Just for comparison, Stonehenge, some of the Egyptian pyramids, goddess temples on Malta, cave paintings in the south of France, and various "Venus" figurines, are ALL older than the bible - MUCH older, in many cases. (Stonehenge - around 1,000 years older [approx]; Egyptian pyramids and religious texts - 1,000 years older [approx]; temples on Malta - I'll have to look that one up; cave paintings - at least 12,000 years older by the more conservative estimates; some of the "Venus" figurines are well over 100,000 years older and the "Berekhat Ram" figurine, which was found in Israel, ironically, is AT LEAST 232,000 years old and may be as old as 800,000 years...) Just to give you an idea...

    I'd suggest that you look up the on-board member "Leolaia" and read her past threads and posts. She's an Uber-bible scholar, and can usually point one in the correct direction [if not supply the information] to research the origins of biblical mythology...

    Zid she devil with flames

    compound complex posted Mon, 05 Sep 2011 02:55:00 GMT(9/5/2011)

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    Check out Sigmund Freud's Moses and Monotheism.

    Moses and Monotheism , 1939 by Sigmund Freud , ISBN 978-0394700144 (originally appearing in German in 1937 as: Der Mann Moses und die monotheistische Religion) is a book where Freud hypothesizes that Moses was not Jewish, but actually born into Ancient Egyptian nobility and was perhaps a follower of Akhenaten, an ancient Egyptian monotheist, or perhaps Akhenaten himself.

    http://en.wikipedia.org/wiki/Moses_and_Monotheism

    [plagiarize]

    nancy drew posted Mon, 05 Sep 2011 15:42:00 GMT(9/5/2011)

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    Read the books by Zecharia Sitchin they are fascinating. He probably isn't right about everything but he's on to something and the sumerian texts are a vital part of his theory.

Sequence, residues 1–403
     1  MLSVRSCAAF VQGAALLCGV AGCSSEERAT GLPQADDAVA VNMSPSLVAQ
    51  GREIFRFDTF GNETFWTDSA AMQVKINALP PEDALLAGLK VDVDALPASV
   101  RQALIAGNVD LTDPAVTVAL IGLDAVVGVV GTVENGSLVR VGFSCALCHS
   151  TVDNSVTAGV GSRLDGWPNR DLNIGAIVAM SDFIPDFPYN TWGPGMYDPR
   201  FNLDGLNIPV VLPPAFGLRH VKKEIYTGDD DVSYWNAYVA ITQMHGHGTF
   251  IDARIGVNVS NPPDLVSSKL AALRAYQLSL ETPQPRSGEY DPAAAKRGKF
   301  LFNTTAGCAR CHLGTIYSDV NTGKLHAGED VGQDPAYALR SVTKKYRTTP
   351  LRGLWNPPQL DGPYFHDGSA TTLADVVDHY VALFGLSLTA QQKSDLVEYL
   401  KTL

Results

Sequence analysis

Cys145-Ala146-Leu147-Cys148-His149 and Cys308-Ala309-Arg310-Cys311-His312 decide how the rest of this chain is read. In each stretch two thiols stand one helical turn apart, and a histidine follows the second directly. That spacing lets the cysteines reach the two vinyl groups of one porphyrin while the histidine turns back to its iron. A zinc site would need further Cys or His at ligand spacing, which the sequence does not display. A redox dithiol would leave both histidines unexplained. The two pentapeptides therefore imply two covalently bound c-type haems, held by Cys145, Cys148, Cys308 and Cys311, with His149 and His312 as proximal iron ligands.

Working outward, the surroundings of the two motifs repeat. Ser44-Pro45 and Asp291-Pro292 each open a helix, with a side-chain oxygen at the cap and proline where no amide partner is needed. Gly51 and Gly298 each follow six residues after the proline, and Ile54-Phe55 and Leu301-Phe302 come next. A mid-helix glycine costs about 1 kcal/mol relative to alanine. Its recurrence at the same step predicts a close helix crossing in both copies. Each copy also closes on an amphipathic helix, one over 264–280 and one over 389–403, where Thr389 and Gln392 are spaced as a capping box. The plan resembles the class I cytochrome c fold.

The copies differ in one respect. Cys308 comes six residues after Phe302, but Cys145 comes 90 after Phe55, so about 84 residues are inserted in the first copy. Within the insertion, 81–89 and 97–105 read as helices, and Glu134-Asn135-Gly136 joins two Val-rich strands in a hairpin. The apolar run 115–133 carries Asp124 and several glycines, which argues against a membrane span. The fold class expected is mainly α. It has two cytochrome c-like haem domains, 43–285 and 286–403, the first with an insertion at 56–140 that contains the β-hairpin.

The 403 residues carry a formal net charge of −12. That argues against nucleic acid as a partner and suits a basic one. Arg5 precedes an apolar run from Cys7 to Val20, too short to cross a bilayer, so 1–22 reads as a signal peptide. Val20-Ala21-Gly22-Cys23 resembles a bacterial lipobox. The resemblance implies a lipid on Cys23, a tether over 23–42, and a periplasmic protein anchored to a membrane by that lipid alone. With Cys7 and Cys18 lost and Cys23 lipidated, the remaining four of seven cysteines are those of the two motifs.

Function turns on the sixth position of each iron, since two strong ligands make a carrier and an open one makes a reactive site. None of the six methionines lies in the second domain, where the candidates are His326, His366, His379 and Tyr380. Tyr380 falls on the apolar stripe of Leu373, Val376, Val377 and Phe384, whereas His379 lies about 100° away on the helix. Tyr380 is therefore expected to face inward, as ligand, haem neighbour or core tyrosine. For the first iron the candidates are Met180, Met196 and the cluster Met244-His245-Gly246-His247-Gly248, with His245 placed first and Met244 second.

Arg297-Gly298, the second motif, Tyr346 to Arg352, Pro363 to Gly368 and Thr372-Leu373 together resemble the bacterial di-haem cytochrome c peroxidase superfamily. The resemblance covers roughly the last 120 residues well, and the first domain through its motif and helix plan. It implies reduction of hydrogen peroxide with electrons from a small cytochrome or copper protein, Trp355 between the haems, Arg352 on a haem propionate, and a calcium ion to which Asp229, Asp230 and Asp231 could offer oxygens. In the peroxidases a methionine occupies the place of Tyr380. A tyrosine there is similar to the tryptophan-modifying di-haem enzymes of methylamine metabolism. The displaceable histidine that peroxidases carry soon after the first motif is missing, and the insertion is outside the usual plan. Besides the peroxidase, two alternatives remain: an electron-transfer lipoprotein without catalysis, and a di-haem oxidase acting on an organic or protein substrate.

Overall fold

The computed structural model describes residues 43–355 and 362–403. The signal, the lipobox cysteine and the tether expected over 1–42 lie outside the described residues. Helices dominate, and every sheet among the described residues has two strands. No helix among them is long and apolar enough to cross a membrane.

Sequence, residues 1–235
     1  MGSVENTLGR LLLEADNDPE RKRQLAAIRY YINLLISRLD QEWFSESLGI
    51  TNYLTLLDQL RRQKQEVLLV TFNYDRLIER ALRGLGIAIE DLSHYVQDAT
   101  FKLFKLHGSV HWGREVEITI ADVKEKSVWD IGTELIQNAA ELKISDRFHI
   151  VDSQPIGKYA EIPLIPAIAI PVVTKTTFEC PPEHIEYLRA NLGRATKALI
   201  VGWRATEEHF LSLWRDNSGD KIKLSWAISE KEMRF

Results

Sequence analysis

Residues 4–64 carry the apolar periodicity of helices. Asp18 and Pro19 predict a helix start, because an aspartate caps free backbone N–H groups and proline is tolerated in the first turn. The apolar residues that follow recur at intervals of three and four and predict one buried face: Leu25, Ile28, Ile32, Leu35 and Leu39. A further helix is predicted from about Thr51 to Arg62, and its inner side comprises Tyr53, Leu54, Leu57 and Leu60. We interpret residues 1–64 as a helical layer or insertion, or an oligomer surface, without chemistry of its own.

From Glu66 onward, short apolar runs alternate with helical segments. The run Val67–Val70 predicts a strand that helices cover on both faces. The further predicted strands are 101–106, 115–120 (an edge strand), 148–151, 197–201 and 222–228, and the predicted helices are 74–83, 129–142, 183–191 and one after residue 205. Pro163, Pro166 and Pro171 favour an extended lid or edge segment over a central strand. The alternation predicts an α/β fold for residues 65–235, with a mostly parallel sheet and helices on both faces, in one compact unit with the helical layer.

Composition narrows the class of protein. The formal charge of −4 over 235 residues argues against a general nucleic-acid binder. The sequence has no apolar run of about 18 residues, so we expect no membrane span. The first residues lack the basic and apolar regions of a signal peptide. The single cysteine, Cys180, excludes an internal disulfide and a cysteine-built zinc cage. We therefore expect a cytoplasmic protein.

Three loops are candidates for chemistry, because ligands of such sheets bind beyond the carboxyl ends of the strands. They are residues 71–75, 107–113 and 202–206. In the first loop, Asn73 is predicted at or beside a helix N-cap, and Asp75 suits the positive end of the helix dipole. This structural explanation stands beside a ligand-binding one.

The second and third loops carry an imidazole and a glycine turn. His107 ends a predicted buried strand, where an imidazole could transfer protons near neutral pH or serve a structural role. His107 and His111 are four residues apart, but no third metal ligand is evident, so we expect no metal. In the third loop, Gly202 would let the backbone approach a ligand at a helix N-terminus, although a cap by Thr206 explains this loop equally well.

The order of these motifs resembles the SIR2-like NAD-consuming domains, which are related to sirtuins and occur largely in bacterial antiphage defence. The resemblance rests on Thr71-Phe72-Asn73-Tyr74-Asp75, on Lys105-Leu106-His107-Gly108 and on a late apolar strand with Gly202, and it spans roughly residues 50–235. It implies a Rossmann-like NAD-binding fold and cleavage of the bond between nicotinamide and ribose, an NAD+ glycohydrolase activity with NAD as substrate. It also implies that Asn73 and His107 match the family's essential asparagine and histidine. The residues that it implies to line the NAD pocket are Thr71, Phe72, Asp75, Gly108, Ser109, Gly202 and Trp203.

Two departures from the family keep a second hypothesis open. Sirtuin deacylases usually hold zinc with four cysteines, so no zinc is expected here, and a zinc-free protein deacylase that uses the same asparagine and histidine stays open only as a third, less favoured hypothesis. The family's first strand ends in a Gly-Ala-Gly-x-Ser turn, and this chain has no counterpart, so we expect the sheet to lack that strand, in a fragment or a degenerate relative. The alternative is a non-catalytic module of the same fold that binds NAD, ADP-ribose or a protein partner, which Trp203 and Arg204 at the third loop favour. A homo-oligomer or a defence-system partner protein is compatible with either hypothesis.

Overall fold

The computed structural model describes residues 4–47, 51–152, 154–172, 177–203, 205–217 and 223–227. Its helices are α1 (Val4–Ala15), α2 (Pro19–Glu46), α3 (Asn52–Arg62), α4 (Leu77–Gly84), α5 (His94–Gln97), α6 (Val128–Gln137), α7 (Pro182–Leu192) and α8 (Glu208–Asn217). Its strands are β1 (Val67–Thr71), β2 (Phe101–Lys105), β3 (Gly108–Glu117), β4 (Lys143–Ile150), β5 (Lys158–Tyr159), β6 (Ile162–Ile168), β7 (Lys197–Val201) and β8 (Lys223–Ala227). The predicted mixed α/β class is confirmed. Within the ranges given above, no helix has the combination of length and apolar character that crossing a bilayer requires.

M ProdigalSon posted Mon, 05 Sep 2011 16:40:00 GMT(9/5/2011)

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    I highly recommend this book:

    Deceptions and Myths of the Bible by Lloyd M. Graham

    http://www.amazon.com/Deceptions-Myths-Bible-Lloyd-Graham/dp/0806511249

    "The Bible is not 'the word of God,' but stolen from pagan sources. Its Eden, Adam and Eve were taken from the Babylonian account; its Flood or Deluge is but an epitome of some four hundred flood accounts; its Ark and Ararat have their equivalents in a score of Deluge myths; even the names of Noah's sons are copies, so also Isaac's sacrifice, Solomon's judgement, and Samson's pillar act; its Moses is fashioned after the Syrian Mises; its laws after Hammurabi's code. Its Messiah is derived from the Egyptian Mahdi, Savior, certain verses are verbatim copies of Egyptian scriptures. Between Jesus and the Egyptian Horus, Gerald Massey found 137 similarities, and those between Christ and Krishna run into the hundreds. How then can the Bible be a revelation to the Jews?"